Entities that handle Personal Information should build privacy into their processes, systems, products and initiatives at the design stage. Privacy should be incorporated into your business planning, staff training, priorities, project objectives and design processes, in line with APP1. Building privacy into data handling practices from the start, rather than ‘bolting it on’ at a later stage is known as ‘privacy by design’.
The ‘privacy by design’ stage should also address Personal Information security, including the appropriateness of technology and the incorporation of information security measures that are able to evolve to support the changing technology landscape over time.
Entities should design their information security measures with the aim to:
- Prevent the misuse, loss or inappropriate accessing, modification or disclosure of Personal Information
- Detect privacy breaches promptly
- Be ready to respond to potential privacy breaches in a timely and appropriate manner.
One way to achieve privacy by design is to conduct a Privacy Impact Assessment (PIA). A PIA is an assessment tool that examines the privacy impacts of a project and assists in identifying ways to minimise those impacts. A PIA will assist in identifying where there are privacy risks, and where additional privacy protections may be required. Generally, a PIA should:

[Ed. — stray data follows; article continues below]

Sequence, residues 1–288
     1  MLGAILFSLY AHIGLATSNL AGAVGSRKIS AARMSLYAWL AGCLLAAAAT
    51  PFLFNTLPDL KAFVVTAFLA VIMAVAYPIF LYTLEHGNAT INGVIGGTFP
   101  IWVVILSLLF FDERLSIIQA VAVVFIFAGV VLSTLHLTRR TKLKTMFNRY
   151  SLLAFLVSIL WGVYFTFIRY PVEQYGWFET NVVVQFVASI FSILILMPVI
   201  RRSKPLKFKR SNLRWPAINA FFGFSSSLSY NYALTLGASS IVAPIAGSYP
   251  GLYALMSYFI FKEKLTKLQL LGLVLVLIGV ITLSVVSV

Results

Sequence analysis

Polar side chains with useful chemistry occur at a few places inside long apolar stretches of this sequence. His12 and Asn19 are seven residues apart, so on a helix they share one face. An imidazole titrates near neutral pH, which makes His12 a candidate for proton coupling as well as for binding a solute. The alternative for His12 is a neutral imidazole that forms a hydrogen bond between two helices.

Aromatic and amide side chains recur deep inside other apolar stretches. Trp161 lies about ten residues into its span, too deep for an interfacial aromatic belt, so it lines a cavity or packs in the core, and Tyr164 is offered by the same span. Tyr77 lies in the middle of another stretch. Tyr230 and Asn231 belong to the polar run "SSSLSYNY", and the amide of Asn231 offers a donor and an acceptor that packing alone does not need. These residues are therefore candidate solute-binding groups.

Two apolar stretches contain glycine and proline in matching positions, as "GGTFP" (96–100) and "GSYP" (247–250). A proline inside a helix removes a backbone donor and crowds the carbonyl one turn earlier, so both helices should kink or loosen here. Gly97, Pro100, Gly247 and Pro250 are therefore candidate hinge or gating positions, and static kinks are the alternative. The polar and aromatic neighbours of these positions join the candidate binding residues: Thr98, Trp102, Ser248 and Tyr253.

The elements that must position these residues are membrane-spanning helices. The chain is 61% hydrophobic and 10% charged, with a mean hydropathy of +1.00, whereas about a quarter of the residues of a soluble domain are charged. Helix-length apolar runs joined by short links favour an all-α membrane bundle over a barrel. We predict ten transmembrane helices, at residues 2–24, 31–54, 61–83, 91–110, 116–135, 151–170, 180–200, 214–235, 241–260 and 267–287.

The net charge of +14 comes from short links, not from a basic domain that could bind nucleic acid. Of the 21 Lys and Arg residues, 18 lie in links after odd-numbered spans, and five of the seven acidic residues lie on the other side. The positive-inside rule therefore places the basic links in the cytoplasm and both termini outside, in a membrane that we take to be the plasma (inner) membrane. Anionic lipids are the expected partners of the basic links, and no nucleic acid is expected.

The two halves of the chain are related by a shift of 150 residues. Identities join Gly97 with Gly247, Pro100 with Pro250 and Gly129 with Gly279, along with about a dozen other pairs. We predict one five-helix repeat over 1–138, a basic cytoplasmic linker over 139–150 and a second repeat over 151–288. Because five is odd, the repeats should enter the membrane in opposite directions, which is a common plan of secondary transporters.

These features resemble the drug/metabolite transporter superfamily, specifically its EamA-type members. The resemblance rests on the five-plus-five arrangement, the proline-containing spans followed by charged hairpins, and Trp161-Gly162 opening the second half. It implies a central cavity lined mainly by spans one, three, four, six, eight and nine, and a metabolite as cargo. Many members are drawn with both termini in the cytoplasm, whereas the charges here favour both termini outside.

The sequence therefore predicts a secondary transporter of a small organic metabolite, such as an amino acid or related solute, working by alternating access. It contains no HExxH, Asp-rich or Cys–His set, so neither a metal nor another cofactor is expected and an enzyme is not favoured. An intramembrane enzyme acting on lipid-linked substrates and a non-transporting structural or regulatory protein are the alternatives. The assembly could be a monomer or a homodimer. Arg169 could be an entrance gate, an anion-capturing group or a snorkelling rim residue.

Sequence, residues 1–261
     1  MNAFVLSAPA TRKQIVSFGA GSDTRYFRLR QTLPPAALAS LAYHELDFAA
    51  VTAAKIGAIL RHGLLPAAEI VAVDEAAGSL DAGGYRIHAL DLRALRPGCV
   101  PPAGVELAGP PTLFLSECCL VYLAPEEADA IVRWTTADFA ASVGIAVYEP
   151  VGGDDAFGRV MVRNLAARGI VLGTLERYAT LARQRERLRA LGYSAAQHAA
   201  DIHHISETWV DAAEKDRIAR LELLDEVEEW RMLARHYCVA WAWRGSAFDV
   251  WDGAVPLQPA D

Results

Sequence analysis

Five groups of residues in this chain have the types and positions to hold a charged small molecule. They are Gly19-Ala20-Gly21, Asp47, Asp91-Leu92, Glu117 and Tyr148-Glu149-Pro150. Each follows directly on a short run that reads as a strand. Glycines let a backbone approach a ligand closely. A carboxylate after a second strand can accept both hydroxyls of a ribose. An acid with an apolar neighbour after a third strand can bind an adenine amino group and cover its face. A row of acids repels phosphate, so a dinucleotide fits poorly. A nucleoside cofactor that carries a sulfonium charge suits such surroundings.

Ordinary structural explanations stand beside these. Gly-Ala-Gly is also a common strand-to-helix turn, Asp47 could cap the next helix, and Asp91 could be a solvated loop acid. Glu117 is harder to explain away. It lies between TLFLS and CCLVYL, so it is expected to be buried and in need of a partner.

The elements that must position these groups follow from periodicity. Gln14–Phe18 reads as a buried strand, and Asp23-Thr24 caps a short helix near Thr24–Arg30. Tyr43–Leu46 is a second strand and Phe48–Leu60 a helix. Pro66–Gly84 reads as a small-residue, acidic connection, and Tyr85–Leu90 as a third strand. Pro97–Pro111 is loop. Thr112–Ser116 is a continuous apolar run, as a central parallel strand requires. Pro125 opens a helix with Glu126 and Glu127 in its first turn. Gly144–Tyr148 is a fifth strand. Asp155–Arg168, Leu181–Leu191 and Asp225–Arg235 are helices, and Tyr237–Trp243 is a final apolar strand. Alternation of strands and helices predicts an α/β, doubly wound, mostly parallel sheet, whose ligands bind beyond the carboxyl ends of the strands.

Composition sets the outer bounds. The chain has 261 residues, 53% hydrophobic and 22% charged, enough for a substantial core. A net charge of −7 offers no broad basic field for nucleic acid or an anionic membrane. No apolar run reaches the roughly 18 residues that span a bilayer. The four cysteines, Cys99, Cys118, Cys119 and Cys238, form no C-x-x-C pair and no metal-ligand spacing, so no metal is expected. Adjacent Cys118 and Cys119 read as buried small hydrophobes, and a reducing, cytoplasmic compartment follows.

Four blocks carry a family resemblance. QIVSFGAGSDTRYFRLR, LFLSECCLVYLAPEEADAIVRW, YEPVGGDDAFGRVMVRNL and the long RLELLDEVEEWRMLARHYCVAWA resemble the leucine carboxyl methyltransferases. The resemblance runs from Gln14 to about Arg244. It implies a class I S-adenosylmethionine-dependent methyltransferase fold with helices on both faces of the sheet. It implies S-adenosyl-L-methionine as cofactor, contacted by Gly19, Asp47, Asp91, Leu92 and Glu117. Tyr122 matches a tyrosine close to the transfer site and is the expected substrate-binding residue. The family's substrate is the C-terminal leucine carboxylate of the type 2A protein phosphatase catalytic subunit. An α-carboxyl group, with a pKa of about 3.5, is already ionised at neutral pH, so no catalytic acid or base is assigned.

- Describe how personal information flows in a project
- Analyse the possible privacy impacts on individuals’ privacy
- Identify and recommend options for avoiding, minimising or mitigating negative privacy impacts
- Build privacy considerations into the design of a project
- Achieve the project’s goals while minimising the privacy impact.
A detailed Guide to conducting PIAs is available from the OAIC website.
You may also need to conduct an information security risk assessment in conjunction with a PIA. An information security risk assessment is generally more specific than a PIA because it involves the identification and evaluation of security risks, including threats and vulnerabilities, and the potential impacts of these risks to information (including personal information) handled by an entity. As with a PIA, an information security risk assessment can be seen as an iterative process and may be undertaken across your business generally.